Definitions

from The American Heritage® Dictionary of the English Language, 5th Edition.

  • noun Pity for oneself, especially exaggerated or self-indulgent pity.

from The Century Dictionary.

  • noun Pity on one's self.

from Wiktionary, Creative Commons Attribution/Share-Alike License.

  • noun A feeling of pity for oneself.

from WordNet 3.0 Copyright 2006 by Princeton University. All rights reserved.

  • noun a feeling of sorrow (often self-indulgent) over your own sufferings

Etymologies

from Wiktionary, Creative Commons Attribution/Share-Alike License

self- +‎ pity

Examples

  • Then she sighed deeply and took on an expression of self-pity.

    All That Glitters

  • Then she sighed deeply and took on an expression of self-pity.

    All That Glitters

  • Because of the unfairness, the person’s attitude often deteriorates into self-pity, which is a particularly difficult perspective to reverse.

    Recovering From Religious Abuse

  • Because of the unfairness, the person’s attitude often deteriorates into self-pity, which is a particularly difficult perspective to reverse.

    Recovering From Religious Abuse

  • Because of the unfairness, the person’s attitude often deteriorates into self-pity, which is a particularly difficult perspective to reverse.

    Recovering From Religious Abuse

  • Because of the unfairness, the person’s attitude often deteriorates into self-pity, which is a particularly difficult perspective to reverse.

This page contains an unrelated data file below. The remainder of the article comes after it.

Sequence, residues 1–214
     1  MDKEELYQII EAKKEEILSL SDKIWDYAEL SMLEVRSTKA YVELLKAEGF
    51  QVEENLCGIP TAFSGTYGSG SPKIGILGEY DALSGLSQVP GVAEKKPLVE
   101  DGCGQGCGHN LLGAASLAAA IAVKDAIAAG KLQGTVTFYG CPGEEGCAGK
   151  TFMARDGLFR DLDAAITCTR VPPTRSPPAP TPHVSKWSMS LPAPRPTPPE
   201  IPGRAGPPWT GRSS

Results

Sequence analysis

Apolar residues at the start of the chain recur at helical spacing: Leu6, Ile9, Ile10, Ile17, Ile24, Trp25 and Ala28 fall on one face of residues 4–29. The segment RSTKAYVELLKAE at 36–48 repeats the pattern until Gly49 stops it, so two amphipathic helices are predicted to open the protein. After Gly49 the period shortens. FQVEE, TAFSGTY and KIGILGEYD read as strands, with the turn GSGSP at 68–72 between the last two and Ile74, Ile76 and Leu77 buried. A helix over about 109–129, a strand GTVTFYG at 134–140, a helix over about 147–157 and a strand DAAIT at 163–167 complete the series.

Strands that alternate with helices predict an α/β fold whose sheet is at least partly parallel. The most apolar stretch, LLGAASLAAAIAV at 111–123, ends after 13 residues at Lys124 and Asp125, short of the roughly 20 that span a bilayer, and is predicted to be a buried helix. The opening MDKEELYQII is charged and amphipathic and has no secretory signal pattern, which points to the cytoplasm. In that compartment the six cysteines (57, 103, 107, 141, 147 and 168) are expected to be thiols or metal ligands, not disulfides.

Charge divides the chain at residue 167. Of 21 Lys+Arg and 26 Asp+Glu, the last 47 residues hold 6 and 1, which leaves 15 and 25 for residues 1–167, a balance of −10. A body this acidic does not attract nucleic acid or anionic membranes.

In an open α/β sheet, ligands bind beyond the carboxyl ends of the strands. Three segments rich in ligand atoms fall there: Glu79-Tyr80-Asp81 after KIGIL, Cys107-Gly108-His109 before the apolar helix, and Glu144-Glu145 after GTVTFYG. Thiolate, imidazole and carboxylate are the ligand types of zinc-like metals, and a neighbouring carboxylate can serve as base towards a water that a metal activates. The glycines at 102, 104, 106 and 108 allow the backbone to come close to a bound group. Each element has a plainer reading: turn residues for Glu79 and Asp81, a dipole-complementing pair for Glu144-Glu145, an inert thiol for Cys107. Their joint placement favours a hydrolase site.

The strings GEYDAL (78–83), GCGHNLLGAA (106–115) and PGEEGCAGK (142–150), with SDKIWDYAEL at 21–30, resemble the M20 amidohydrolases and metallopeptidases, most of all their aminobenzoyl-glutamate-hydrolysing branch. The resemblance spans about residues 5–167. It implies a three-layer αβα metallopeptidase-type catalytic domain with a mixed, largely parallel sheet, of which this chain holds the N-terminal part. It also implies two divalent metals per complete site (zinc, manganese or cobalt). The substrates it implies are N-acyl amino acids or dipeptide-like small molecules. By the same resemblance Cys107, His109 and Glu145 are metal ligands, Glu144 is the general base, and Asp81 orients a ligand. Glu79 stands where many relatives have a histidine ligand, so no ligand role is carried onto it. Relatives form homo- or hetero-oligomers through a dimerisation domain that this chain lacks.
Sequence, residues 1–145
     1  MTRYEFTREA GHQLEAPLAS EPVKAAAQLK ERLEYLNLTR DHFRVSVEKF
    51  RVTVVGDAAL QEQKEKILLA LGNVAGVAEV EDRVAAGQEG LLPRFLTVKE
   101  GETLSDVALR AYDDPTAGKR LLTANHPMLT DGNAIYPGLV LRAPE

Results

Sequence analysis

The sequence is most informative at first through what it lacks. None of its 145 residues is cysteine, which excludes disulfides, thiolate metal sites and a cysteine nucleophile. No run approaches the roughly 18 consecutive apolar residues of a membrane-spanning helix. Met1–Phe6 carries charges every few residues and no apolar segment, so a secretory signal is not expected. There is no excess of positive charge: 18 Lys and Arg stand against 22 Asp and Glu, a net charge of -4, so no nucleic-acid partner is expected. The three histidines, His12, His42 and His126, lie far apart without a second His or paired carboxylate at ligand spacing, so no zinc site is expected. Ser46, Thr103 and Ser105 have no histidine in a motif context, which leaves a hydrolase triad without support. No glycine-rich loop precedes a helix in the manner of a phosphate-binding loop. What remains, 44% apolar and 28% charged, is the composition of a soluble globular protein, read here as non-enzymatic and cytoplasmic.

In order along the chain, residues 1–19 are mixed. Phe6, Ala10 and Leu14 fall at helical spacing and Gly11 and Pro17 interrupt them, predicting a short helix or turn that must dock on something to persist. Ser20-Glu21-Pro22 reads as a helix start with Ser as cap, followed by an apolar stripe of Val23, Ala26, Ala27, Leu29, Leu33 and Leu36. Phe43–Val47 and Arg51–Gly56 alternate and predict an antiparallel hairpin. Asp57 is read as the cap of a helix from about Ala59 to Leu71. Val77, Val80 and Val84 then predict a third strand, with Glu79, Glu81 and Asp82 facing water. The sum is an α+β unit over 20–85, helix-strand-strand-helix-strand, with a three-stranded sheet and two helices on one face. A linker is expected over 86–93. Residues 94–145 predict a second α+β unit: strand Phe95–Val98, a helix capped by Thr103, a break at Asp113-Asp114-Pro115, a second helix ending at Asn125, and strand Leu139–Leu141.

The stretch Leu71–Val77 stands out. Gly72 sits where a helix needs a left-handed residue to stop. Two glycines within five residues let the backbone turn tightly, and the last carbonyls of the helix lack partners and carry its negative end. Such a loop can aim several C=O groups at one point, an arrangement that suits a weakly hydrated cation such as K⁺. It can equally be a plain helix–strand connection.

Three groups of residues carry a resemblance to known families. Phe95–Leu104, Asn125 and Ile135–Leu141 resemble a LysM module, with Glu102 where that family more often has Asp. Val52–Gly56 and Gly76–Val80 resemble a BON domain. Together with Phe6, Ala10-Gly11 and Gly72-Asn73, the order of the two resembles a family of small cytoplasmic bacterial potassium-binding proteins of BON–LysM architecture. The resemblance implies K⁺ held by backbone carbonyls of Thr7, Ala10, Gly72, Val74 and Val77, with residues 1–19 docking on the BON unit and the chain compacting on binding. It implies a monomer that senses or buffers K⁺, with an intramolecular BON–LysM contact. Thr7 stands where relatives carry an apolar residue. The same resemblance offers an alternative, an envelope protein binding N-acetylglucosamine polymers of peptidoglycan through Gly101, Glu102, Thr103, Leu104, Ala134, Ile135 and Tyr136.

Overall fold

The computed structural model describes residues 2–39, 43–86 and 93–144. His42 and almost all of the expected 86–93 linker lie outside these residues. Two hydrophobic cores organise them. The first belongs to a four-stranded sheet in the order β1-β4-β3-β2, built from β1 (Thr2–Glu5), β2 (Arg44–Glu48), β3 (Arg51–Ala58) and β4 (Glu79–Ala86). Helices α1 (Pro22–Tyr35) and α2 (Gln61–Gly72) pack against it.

Recovering From Religious Abuse

  • LBJ had more than a little self-pity, a feeling that he was a poor kid from the South and the elite that ran the country never respected him.

    The Good Fight

  • LBJ had more than a little self-pity, a feeling that he was a poor kid from the South and the elite that ran the country never respected him.

    The Good Fight

  • LBJ had more than a little self-pity, a feeling that he was a poor kid from the South and the elite that ran the country never respected him.

    The Good Fight

  • He became ill years ago and successfully managed that illness without much self-pity and died with courage and grace.

    Dr. Jane Aronson: The Death of a Mentor

Comments

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  • "Self-pity is the worst poverty; it is the source of all unhappiness and blinds man to all he should be thankful for. The constantly complaining habit and the tendency to demand sympathy from others bring the greatest thorn into man's life: he becomes dependent upon the sympathy of others."

    - Samuel L. Lewis.

    September 2, 2008